FIG. 5 shows, in simplified block diagram form, details of still another embodiment of delay adjustment generator 202, which may be employed in the embodiment of FIG. 2. Specifically, in this embodiment of delay adjustment generator 202 the tap coefficients from adaptive filter 107 (FIG. 2) are arranged into predetermined groups. In this example, each group has an equal number of tap coefficients, although in certain applications this may not be the case. Accordingly, shown are a first group including tap coefficients C0, C1 through CL-1, a second group including tap coefficients CL, CL+1 through C2L-1, through a last group including tap coefficients, CXL, CXL+1 through CXL+L-1. Also shown, are magnitude units 501-0, 501-1 through 501-L-1, to which tap coefficients C0, C1 through CL-1, respectively, from adaptive transversal filter 107 (FIG. 2) are supplied for obtaining their respective magnitudes, magnitude units 501-L, 501-L+1 through 501-2L-1, to which tap coefficients CL, CL+1 through C2L-1, respectively, are supplied for obtaining their respective magnitudes, and magnitude units 501-L, 501-XL+1 through 501+-L-1, to which tap coefficients CL, CL+1 through C2L-1, respectively, are supplied for obtaining their respective magnitudes. The coefficient magnitude value outputs from magnitude units 501 for each group are supplied to a corresponding algebraic combining unit, namely, outputs from magnitude units 501-1 through 501-L-1 are supplied to summing unit 502-B1, outputs from magnitude units 501-L through 501-2L-1 are supplied to summing unit 502-B2, and outputs from magnitude units 501-XL through 501-XL+L-1 are supplied to summing unit 502-BX. Note that the coefficient magnitude outputs from any intervening groups between the second group and the last group are supplied to a corresponding summing unit 502. Long term averages of the summed magnitudes of the tap coefficients from each of the summing units 502 are obtained by supplying the summed values from summing units 502-B1, 502-B2 through 502-BX to LPFs 503-B1, 503-B2 through 503-BX, respectively, and to algebraic combing units 504-B1, 504-B2 through 504-BX, respectively, where they are subtracted from the outputs from LPFs 503-B1, 503-B2 through 503-BX, respectively, to yield difference values ΔCB1, ΔCB2 through ΔCBX. Then, the magnitudes of difference values ΔCB1, ΔCB2 through ΔCBX are obtained via magnitude units 505-B1, 505-B2 through 505-BX. Maximum value selector 506 selects the largest of the long term average tap coefficient difference magnitude value of ΔCB1, ΔCB2 through ΔCBX. Then, multiplier unit 507 multiples the selected difference magnitude value by the number of tap coefficients in each of the groups the groups, namely, L. Thereafter, algebraic combining unit 508 subtracts a prescribed value from the output from multiplier unit 507, namely, M/2 in this example, in order to generate delay adjustment value ΔD such that the tap coefficients of adaptive filter 108 (FIG. 2) are centered about the tap coefficient of adaptive transversal filter 107 having the largest difference magnitude value. The delay adjustment value ΔD is supplied to adjustable delay 201 (FIG. 2), where it is used to adjust the delay in series with echo canceler 106 to achieve the desired centering of the tap coefficients of adaptive transversal filter 108 about the tap coefficient of adaptive transversal filter 107 having the largest difference magnitude value. Typically, the center tap coefficient of adaptive filter 108 will be centered on the tap coefficient of adaptive filter 107 where the most time variation is known to occur. It should be noted, however, that it would not make sense to center the tap coefficients of adaptive filter 108 such that any of them would be below zero (0) time of the echo path coefficient of adaptive filter 107 at zero (0) time on the echo path impulse response, i.e., the first tap coefficient of adaptive filter 108 would, then, be aligned with the first tap coefficient of adaptive filter 107. Additionally, in certain applications it may be desirable to skew the tap coefficients of adaptive transversal filter 108 one way or the other relative to the center tap coefficient.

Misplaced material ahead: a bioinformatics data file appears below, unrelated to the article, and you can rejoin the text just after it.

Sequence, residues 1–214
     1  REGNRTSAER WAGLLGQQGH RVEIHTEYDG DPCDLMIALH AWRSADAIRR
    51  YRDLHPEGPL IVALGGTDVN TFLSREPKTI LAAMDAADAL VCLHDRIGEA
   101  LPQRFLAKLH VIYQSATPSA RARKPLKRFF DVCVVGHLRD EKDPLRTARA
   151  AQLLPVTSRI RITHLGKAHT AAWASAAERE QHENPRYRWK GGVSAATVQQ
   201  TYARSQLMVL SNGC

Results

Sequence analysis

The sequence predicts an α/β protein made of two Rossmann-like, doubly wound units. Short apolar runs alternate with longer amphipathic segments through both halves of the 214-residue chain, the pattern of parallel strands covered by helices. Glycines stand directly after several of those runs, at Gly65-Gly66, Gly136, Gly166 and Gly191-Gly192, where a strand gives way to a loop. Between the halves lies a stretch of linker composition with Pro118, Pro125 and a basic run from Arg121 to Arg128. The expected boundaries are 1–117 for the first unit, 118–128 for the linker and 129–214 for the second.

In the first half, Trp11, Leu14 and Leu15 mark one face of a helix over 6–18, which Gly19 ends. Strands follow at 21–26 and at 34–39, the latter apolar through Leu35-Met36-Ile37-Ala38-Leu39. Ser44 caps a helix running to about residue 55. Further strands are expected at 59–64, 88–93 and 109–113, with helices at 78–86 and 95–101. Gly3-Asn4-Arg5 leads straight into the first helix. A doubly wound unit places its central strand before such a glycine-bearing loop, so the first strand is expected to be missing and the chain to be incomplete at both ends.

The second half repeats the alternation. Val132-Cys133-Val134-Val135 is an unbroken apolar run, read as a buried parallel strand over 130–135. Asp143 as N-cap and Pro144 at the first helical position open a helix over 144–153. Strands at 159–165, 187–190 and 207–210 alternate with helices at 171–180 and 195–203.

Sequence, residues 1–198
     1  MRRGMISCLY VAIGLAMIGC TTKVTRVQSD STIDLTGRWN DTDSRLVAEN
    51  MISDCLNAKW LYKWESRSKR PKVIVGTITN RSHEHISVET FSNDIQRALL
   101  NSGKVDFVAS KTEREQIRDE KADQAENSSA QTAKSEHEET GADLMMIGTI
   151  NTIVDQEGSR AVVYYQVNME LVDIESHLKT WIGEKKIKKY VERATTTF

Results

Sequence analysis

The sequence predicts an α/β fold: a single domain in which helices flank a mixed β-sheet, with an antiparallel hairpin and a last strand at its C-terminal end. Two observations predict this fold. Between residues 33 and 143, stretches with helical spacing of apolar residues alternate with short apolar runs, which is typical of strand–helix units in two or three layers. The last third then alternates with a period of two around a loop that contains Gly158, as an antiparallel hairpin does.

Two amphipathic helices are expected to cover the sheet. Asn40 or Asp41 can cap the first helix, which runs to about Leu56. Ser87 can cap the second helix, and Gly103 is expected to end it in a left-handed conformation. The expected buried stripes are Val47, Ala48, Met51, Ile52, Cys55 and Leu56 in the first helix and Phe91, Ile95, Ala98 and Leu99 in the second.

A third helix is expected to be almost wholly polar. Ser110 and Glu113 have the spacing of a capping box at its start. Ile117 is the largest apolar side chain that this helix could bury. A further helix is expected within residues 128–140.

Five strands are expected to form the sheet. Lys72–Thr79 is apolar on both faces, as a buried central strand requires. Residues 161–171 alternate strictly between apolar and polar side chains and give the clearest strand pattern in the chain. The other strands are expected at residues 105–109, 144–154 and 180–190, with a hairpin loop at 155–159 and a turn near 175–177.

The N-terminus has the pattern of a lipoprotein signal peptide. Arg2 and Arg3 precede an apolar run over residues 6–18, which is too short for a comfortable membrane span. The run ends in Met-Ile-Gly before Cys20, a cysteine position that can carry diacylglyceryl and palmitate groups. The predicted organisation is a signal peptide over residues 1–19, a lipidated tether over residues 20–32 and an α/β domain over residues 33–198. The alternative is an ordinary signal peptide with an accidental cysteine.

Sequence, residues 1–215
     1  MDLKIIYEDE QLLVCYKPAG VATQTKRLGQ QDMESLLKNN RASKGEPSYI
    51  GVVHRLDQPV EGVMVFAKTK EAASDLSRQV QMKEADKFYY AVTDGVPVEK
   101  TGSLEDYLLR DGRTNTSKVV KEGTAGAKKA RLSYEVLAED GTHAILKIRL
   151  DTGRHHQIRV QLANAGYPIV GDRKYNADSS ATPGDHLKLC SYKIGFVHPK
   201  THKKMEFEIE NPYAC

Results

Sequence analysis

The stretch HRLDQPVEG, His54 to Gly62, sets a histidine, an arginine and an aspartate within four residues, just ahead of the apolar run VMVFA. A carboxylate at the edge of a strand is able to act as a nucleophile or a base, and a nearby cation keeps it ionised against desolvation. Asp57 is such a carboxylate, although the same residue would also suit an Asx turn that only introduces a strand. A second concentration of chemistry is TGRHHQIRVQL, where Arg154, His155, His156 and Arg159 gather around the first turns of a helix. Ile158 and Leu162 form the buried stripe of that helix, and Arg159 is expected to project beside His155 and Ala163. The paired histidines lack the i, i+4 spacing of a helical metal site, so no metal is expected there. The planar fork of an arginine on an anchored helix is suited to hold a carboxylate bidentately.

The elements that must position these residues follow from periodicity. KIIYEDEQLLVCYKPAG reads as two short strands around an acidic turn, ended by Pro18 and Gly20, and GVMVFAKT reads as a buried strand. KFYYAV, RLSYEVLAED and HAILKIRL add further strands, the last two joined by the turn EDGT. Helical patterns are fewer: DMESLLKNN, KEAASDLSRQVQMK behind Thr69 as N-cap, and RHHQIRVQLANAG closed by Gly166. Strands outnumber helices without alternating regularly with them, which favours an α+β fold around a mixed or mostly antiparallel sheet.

Although several arrangements have been disclosed regarding alignment of the tap coefficients of the second adaptive filter relative to the tap coefficients of the first adaptive filter, and for generating the delay adjustment signal ΔD, it will be apparent to those skilled in the art that other such arrangements may be employed without departing from the spirit or scope of the invention. For example, a so-called center-of-gravity technique may be employed to align the tap coefficients of the second adaptive filter relative to the tap coefficients of the first adaptive filter, and the groups of tap coefficients of the first adaptive filter employed in generating the delay adjustment signal ΔD may have a different number of tap coefficients per group.

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Classifications
U.S. Classification370/291, 379/406.08
International ClassificationH04B3/23, H03H21/00, G10L15/20, G10L21/02, H04R3/02, H04M9/08
Cooperative ClassificationH04M9/082
European ClassificationH04M9/08C